Finding your Voice and Being Contemporary

By chance I happened across three people giving somewhat related advice about learning jazz, but from very different directions.

The TL;DR here is that every musician needs to develop a way to figure things out for themselves in their own way, and that this is a creative process rather than a chore. Formal education can be useful for some specific things but spoonfeeding leads to weak forms of learning that you can't rely on and standardised syllabi produce standardised results. You need to know the tradition but it's raw material for you to form into your own voice.

The main attraction is this great interview with Henry Threadgill by Ethan Iverson of The Bad Plus. Iverson is very knowledgeable and articulate about the music and all his interviews are worth reading, but this section really hit home for me.

The whole thing is well worth reading but this is the part that I'd never heard expressed this way before:

You keep making replicas and variations of the same thing, and this is what’s been going on in the arts for a long time, you know. But the people who suffer are the young musicians, at the hands of the people who teach them and the people who hire them to make a living – it can destroy your development. It can take years to find yourself because of this. You’ve got to get through all that mess, if you’re lucky, to find yourself. Kids are practicing and learning Coltrane solos. What do you want to learn Coltrane’s solo on “Giant Steps” for? What are you supposed to find out? To engage and look at it and study it, yes, but to engage in it physically is contaminating yourself. You start practicing something, and practice don’t make perfect, practice makes permanent. You start putting things in yourself, and it’s going to take time to get things out of yourself. You might need a big enema for that.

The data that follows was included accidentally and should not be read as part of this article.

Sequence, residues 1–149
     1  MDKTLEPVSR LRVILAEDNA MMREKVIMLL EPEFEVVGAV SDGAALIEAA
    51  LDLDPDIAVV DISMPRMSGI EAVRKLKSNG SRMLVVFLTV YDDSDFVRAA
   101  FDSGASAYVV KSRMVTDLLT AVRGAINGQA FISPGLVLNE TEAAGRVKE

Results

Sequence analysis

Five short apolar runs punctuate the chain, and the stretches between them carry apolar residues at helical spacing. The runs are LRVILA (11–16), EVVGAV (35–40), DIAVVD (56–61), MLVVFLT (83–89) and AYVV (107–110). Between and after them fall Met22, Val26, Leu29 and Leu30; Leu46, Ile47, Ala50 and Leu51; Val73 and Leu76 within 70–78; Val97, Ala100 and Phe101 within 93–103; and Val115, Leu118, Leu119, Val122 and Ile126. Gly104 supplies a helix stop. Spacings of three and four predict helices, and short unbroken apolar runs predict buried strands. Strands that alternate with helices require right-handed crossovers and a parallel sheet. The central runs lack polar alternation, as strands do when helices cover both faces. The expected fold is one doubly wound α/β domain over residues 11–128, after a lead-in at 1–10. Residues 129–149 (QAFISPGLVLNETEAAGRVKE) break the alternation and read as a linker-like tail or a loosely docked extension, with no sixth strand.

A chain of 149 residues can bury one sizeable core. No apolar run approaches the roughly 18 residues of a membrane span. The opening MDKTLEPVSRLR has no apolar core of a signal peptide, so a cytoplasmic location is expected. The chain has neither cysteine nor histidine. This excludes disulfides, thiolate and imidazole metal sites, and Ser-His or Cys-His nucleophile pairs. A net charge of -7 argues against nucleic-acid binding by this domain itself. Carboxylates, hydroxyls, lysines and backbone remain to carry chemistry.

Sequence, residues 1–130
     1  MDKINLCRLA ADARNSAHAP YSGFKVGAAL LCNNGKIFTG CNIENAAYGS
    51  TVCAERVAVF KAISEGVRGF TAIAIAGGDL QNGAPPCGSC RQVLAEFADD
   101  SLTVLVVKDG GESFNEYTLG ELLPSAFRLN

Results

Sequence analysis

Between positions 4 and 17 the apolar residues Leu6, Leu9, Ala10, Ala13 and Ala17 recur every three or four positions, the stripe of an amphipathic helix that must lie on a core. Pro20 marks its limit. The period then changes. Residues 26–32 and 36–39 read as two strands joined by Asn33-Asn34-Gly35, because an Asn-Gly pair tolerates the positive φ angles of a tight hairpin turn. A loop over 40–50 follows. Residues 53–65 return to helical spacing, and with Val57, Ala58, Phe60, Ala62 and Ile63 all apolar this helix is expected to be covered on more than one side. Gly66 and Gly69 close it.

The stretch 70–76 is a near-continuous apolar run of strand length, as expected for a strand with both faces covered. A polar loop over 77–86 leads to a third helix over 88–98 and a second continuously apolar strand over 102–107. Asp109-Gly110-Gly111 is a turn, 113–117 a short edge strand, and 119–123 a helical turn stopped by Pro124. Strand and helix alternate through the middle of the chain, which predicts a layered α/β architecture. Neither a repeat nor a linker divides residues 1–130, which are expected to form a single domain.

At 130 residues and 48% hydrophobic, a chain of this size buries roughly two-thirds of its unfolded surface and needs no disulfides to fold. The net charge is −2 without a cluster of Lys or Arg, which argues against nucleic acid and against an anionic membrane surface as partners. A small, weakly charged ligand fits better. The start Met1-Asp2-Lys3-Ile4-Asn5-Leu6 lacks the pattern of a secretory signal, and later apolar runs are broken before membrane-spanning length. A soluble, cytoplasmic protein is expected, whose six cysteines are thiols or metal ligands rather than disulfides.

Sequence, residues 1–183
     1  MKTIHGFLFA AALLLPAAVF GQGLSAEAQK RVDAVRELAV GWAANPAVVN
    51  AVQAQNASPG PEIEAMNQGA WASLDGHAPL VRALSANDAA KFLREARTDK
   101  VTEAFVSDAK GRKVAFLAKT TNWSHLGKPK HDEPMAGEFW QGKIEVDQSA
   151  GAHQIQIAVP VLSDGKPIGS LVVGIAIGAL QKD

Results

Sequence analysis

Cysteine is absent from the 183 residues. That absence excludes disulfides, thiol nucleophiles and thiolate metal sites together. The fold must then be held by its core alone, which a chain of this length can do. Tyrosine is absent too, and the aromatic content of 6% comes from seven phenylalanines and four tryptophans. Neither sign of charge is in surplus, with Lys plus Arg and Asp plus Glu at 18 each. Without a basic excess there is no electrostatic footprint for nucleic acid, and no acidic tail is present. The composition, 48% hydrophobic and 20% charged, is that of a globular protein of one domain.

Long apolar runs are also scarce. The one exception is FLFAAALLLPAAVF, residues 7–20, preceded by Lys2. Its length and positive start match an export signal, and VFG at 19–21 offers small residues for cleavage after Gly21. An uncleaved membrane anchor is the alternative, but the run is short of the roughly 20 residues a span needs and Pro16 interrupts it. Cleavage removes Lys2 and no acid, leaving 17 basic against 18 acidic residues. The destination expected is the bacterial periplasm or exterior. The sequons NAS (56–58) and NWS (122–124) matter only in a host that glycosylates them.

To be clear, he doesn't mean don't study Trane, or Bird, or whoever; he means don't try to copy those players, because they're not your contemporaries. And everything you study needs to somehow get combined together into something that makes sense for you and your current situation. That's the creative part.

Here's what Threadgill is doing now (spoiler: it's great):

Some of the same points are hiding in the advice in Janek Gwizdala's vlog from today:

I'm a fan of Gwizdala's project because it gives a very frank insight into day-to-day musical life. Here he revisits an always-unpopular view that resonates with Threadgill's: students want things given to them, but after a certain point that hurts you more than it helps. You have to find your own way, and teachers serve you best when they give you hints that you take away and pursue.

I can't resist also posting this talk by Jason Moran who I'm checking out everything by at the moment (he's a monster pianist). He plays some great recordings and lays down some more advice in a similar vein about being in the jazz tradition in a contemporary way rather than reverently imitating the greats.

I don't mean to imply these cats all agree on everything -- find me any three jazz players you could say that about! -- but there's a deep message coming from these three if you can hear it.